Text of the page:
An unofficial, back-of-the-envelope analysis by the China Cruise and Yacht Industry Association (CCYIA) shows that China will need to train at least 300,000 crew members in the next decade. This assumes that ships catering to the Chinese market will need Chinese crew members to serve Chinese passengers.
Evidently, the supply side falls greatly behind against such enormous pending demand.
Currently, there are only about 30 institutes of higher learning throughout China offering cruise-related courses, training no more than 5,000 crew members per year. In the current scenario, the shortage of Chinese crew is only going to get worse.
Taking a long-term view, Royal Caribbean Cruises announced a strategic partnership with the Tianjin Maritime College (TMC) in developing the Royal Operations Training Center (ROTC) in June 2013, the first industry-academia tie- up in China.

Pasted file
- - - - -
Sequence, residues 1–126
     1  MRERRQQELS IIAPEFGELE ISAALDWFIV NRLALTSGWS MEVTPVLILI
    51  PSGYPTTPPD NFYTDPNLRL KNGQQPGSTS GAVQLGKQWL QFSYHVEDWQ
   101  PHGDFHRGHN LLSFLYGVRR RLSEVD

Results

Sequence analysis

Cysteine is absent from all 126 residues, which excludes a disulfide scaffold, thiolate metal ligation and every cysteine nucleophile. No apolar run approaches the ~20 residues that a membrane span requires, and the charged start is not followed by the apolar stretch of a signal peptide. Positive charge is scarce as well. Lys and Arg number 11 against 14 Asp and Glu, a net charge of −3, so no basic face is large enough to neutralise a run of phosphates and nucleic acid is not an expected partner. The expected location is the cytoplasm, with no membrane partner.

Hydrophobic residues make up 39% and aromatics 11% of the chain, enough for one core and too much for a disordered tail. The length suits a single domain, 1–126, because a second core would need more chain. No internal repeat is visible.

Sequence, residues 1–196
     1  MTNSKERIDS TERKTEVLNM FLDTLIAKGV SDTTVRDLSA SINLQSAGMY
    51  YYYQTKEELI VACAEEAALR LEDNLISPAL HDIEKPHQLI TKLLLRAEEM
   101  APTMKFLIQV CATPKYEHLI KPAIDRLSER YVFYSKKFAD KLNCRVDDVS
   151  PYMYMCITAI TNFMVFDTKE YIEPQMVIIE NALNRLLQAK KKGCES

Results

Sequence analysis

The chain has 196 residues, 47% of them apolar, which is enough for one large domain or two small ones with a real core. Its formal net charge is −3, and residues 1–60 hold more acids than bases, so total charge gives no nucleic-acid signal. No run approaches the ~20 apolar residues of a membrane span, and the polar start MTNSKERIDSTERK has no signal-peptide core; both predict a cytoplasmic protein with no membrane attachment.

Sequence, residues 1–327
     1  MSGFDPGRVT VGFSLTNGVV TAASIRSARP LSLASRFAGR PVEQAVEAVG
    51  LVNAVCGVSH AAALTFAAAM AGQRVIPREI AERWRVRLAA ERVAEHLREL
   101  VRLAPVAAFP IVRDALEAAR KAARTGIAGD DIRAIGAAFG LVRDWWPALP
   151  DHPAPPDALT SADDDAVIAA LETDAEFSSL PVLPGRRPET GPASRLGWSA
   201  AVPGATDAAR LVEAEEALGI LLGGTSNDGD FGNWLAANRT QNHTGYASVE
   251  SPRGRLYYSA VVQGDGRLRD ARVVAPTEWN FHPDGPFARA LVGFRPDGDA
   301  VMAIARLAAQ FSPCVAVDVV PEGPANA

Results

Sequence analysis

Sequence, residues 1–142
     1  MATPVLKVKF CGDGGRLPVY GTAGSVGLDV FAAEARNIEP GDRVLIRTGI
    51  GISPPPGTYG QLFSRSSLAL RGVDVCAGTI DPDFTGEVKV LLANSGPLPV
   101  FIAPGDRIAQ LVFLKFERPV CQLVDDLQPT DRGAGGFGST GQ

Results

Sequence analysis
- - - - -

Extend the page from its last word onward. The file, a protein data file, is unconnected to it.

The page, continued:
Speaking with Cruise Industry News, TMC’s spokesperson, Chun Mei Geng, explained that the preparation for the ROTC is on track.
“By July 2014, the first batch of 1,200 crew trainees will be recruited. Royal Caribbean will provide all training curriculum and materials, performance assessment guidelines as well as financial and managerial support.”
Geng also mentioned that during these past months, Royal Caribbean has trained their teaching staff in batches through intensive five-day courses as part of the preparatory work.
CACTET, established in November 2012, was a strategic alliance initiated by TMC’s President, Kui Jun Ma, in collaboration with the CCYIA to put a concentrated effort toward cruise talent education.
Geng added: “The Tianjin government has been showing tremendous enthusiasm and support on this very meaningful initiative, and we hope to be an effective talent source for the cruise industry, catering to the vast opportunity of the Chinese cruise market.”